Kore (including Euthydikos)

Kore (including Euthydikos)


Kore_Euthydikos


slide Kore (including Euthydikos).

Style: Late Archaic

Date: ca. 490 B.C. – 480 B.C. Period: Late Archaic

Function: Votive Class: Free-standing statue: kore

Context: From Athens, Acropolis Region: Attica

Findspot: Found at Athens, Acropolis, found east of Parthenon in 1882. (Akr. 609 was found near Erechtheion in 1886 or 1887).

Material: Marble Material Description: Possibly Parian marble

Condition: Fragmentary Scale: Under life – size

Original / Copy: Original

Dimensions: Akr. 686: H. 0.589 m; Akr. 609: H. 0.41 m

Dedicatory statue of maiden, late example of kore type. Frontal pose, characteristic archaic gesture of skirt pulled to side, here with left hand. Left leg forward. Right arm originally extended in offering. Coiffure relatively simple with emphatic central part, three long tresses fall forward over each shoulder. Ionic style of dress with himation over thin chiton, but again simply rendered. Detailed decoration added in paint, as the frieze of racing chariots on the chiton.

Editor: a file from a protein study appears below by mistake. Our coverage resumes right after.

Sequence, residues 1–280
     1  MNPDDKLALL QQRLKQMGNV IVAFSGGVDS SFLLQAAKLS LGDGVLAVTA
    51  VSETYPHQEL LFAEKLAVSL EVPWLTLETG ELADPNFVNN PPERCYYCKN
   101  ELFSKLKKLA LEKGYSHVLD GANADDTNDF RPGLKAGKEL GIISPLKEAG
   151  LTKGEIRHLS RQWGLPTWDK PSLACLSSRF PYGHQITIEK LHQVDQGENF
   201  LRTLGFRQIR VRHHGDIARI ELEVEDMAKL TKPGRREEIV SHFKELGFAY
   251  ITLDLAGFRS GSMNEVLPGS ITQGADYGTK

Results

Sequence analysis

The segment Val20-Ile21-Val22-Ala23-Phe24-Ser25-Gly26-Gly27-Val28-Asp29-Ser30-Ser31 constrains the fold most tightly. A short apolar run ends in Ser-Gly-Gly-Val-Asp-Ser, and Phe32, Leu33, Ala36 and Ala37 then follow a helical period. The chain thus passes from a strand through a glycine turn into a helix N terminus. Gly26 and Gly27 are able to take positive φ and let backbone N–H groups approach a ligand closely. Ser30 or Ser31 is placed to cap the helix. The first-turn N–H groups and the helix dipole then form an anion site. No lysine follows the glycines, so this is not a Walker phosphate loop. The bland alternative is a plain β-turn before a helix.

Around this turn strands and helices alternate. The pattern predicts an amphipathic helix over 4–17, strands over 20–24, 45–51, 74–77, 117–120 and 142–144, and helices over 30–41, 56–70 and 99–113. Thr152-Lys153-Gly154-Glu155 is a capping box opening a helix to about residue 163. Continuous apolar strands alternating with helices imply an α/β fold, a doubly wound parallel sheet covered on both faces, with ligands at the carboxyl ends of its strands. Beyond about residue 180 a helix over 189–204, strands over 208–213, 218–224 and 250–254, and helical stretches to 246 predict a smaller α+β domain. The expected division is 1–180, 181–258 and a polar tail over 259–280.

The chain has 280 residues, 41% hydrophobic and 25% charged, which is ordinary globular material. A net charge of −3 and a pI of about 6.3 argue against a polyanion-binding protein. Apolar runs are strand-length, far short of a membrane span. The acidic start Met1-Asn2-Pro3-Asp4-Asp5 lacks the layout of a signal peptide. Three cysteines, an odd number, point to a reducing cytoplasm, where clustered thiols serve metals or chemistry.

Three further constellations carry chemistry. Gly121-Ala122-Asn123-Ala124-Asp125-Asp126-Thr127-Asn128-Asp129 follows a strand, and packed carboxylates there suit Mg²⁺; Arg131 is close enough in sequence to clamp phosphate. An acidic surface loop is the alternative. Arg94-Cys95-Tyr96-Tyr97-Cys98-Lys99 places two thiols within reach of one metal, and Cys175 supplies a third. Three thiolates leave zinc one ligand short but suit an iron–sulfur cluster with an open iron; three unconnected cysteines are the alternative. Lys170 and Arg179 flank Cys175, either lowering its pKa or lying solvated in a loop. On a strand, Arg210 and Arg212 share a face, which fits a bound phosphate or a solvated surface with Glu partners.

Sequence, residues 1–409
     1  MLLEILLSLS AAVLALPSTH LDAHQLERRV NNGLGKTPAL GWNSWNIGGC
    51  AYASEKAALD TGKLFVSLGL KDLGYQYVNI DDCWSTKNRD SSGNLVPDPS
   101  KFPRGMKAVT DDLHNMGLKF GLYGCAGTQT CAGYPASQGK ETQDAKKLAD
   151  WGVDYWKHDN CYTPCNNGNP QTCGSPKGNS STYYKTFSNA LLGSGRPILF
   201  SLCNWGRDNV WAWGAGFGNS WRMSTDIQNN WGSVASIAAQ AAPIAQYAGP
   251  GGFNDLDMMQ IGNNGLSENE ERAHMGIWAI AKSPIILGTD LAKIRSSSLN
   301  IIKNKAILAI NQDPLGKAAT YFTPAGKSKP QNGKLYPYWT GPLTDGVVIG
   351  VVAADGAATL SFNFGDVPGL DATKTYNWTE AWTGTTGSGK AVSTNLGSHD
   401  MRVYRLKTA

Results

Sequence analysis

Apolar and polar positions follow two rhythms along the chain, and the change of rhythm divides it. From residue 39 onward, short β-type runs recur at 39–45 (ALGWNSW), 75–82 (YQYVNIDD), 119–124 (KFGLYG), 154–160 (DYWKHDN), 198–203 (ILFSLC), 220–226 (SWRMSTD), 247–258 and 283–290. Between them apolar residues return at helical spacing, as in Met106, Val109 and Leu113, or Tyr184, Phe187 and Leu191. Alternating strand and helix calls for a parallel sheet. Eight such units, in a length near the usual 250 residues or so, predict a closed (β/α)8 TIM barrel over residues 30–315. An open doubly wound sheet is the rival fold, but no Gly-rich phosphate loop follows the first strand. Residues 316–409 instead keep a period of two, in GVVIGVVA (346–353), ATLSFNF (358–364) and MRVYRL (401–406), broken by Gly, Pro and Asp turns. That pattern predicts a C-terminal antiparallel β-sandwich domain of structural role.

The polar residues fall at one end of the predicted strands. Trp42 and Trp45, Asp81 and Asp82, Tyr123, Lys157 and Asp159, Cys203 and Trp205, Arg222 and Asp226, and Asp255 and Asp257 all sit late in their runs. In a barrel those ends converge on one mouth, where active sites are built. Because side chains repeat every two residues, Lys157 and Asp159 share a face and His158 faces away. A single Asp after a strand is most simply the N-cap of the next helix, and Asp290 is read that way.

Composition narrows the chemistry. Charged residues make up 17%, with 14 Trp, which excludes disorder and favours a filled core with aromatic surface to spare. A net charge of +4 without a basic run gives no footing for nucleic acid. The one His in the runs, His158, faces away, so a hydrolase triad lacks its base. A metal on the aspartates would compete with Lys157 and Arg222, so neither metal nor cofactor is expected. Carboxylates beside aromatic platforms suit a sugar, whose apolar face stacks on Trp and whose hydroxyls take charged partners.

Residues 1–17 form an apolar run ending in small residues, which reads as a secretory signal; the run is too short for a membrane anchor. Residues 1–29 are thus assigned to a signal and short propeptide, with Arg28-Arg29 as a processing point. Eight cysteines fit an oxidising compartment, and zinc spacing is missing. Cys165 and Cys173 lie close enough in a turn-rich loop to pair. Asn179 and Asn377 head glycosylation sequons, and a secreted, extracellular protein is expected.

Date Description:

Generally considered to be part of the debris from the Persian destruction of 480.

Form and Style:

Stance and mannerism of skirt pulled hard against legs are characteristically archaic, but concern with underlying structure rather than surface pattern pushes statue into period of Early Classical development. Often compared with Blond Boy (Athens, Acropolis 689). Perhaps by same sculptor.

Condition Description:

Broken in large fragments with few chips as from single fall, but where preserved surface is fresh and shows little wear. This fragment preserves upper body including head and most of left arm, broken at waist. Another fragment, Athens, Acropolis 609, preserves lower legs and plinth, set into inscribed base. Traces of painted frieze depicting chariot race decorate chiton still visible.

Inscriptions:

On the base, a column capital, in stoichedon: EUTHUDIKOS hO THALIARCHO ANETHEKEN, Euthydikos son of Thaliarchos dedicated it. A second dedication by Euthydikos is also known. Raubitscheck suggested it may have been set up after 480 BC to replace this one, probably destroyed by the Persians.

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